Note that because of the use of the source gas described above, the thickness of the epitaxial layer in the peripheral portion of the wafer in which the temperature is high, i.e., the silicon growth rate is high, tends to be larger than that in the central portion of the wafer. To avoid this variation of the thickness of the epitaxial layer in the plane of the wafer, the supply amount of the source gas to the silicon wafer having an in-plane temperature distribution is controlled when the source gas is supplied to the reaction vessel. For example, the in-plane thickness of the epitaxial layer can be made uniform by increasing the supply amount of the source gas to the low-temperature region of the wafer compared to the supply amount to the high-temperature region. More specifically, the silicon wafer 14 is placed on the annular support piece 9 in the reaction vessel 2 of the growth apparatus shown in FIG. 1, and the wafer 14 is heated to 900 to 1100 C. While the wafer 14 is rotated at a fixed speed by the rotation of the cylindrical support shaft 6, the flow rate of the source gas supplied toward the wafer 14 from the gas inlet 1 in the upper portion of the reaction vessel 2 is increased. Consequently, the supply amount of the source gas increases in the central portion of the wafer 14. Therefore, the growth rate (deposition rate) of silicon in the central portion of the wafer 14 can be made higher than that in the peripheral portion of the wafer 14. The result is that the increase of the layer thickness in the high-temperature peripheral portion of the wafer, being due to the use of the source gas which is added with HCl and the silicon growth rate of which has temperature dependence (gradient), can be canceled by controlling the supply form of the source gas. This allows the growth of an epitaxial layer having a uniform thickness in the plane of the wafer.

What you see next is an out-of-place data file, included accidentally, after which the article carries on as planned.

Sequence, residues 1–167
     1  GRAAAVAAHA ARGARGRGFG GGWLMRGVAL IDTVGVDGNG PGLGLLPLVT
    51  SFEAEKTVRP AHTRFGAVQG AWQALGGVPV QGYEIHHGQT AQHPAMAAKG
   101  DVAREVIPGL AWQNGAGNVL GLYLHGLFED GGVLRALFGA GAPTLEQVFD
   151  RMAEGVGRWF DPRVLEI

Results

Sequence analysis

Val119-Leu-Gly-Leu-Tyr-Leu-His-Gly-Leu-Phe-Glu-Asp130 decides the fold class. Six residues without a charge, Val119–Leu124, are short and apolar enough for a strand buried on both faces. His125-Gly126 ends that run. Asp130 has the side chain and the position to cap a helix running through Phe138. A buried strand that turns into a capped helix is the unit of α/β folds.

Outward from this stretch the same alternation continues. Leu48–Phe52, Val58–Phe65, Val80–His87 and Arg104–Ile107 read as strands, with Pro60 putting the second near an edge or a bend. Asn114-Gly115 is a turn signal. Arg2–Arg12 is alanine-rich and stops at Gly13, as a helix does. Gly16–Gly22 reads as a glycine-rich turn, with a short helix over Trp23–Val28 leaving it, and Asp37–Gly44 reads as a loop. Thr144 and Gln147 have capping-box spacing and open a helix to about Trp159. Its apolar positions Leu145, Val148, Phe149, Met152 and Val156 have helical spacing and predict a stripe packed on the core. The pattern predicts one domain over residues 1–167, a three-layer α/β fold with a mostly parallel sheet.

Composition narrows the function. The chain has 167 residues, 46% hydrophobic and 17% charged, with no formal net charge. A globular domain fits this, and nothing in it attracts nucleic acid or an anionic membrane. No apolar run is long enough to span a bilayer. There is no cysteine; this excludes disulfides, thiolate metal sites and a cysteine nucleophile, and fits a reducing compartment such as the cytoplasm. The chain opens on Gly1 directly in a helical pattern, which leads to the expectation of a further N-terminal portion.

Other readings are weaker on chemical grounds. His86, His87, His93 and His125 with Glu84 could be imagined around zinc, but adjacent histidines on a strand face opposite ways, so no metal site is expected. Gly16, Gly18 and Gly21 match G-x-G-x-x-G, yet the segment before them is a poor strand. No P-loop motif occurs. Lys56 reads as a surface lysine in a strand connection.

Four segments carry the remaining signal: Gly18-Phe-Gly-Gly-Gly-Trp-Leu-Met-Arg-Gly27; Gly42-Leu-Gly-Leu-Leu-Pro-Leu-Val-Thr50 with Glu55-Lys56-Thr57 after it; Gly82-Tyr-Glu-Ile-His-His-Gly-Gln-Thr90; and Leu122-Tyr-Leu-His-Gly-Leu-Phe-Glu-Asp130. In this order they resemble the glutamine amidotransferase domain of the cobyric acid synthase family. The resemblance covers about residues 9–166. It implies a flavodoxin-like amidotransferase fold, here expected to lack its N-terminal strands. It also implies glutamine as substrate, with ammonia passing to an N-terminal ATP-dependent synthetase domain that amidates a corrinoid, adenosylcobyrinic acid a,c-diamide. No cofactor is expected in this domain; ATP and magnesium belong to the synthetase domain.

Accordingly, in the present invention a doped silicon epitaxial layer having a uniform resistance in a plane and a uniform film thickness in a plane, which is obtained by controlling the supply form of a source gas, can be grown on the surface of a wafer.

Also, surface roughness and particles can be reduced by supplying a source gas having a composition containing silane, 5 to 600 vol % of HCl added to the silane, and a dopant consisting of a boron or phosphorus compound to a silicon wafer heated to 900 to 1100 C. In particular, particles can be reduced because the decomposition of silane in the gas phase can be suppressed by the addition of HCl to the source gas. As a result, a doped-silicon epitaxial layer with a good surface shape and a high film quality can be grown.